Claims

1. A method of making molecularly doped nanodiamond, comprising the steps of:

adding a dopant to a sol-gel precursor;
synthesizing via sol-gel synthesis a doped amorphous carbon aerogel comprising an open pore network;
drying the doped amorphous carbon aerogel;
sintering the doped amorphous carbon aerogel;
preserving the open pore network;
loading the doped amorphous carbon aerogel into a diamond anvil cell;
forming a sealed chamber around the doped amorphous carbon aerogel;
flowing a noble gas into the sealed chamber;
liquefying the noble gas by condensation;
allowing the liquefied noble gas to fill the open pore network of the doped amorphous carbon aerogel;
pressurizing the diamond anvil cell;
heating the doped amorphous carbon aerogel; and
transforming the doped amorphous carbon aerogel into molecularly doped nanodiamond.

2. The method of making molecularly doped nanodiamond of claim 1 wherein the noble gas is Ar.

3. The method of making molecularly doped nanodiamond of claim 1 wherein the noble gas is one selected from the group consisting of Kr, Xe, and Ne.

4. The method of making molecularly doped nanodiamond of claim 1 wherein the step of liquefying the noble gas by condensation comprises condensing the noble gas with liquid nitrogen.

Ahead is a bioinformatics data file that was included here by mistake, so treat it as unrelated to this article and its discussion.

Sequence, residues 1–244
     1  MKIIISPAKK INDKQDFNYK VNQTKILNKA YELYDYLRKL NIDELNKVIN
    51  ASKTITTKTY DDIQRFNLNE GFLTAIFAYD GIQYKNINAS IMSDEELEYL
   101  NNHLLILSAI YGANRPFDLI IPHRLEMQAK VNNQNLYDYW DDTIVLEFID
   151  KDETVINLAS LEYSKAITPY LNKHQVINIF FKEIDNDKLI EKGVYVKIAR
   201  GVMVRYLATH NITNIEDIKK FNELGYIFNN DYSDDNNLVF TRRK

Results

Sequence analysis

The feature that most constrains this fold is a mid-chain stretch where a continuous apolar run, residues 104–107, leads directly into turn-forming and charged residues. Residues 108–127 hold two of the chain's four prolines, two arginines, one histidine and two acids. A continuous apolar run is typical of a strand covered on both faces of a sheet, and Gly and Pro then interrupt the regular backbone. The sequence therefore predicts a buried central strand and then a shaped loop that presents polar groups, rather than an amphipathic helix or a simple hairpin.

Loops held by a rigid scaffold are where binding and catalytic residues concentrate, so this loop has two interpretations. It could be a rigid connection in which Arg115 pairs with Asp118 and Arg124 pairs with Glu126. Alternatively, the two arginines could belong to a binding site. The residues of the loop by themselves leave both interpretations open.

5. The method of making molecularly doped nanodiamond of claim 1 wherein the step of liquefying the noble gas by condensation comprises condensing the noble gas with a cryogen.

6. The method of making molecularly doped nanodiamond of claim 1 wherein the step of pressurizing the diamond anvil cell comprises pressures ≥20 Gpa.

7. The method of making molecularly doped nanodiamond of claim 6 wherein the step of heating the doped amorphous carbon aerogel comprises temperatures ≥2000 K.

8. The method of making molecularly doped nanodiamond of claim 1 wherein the step of pressurizing the diamond anvil cell comprises pressures of about 16 GPa and wherein the step of heating the doped amorphous carbon aerogel comprises temperatures of about 1600 K.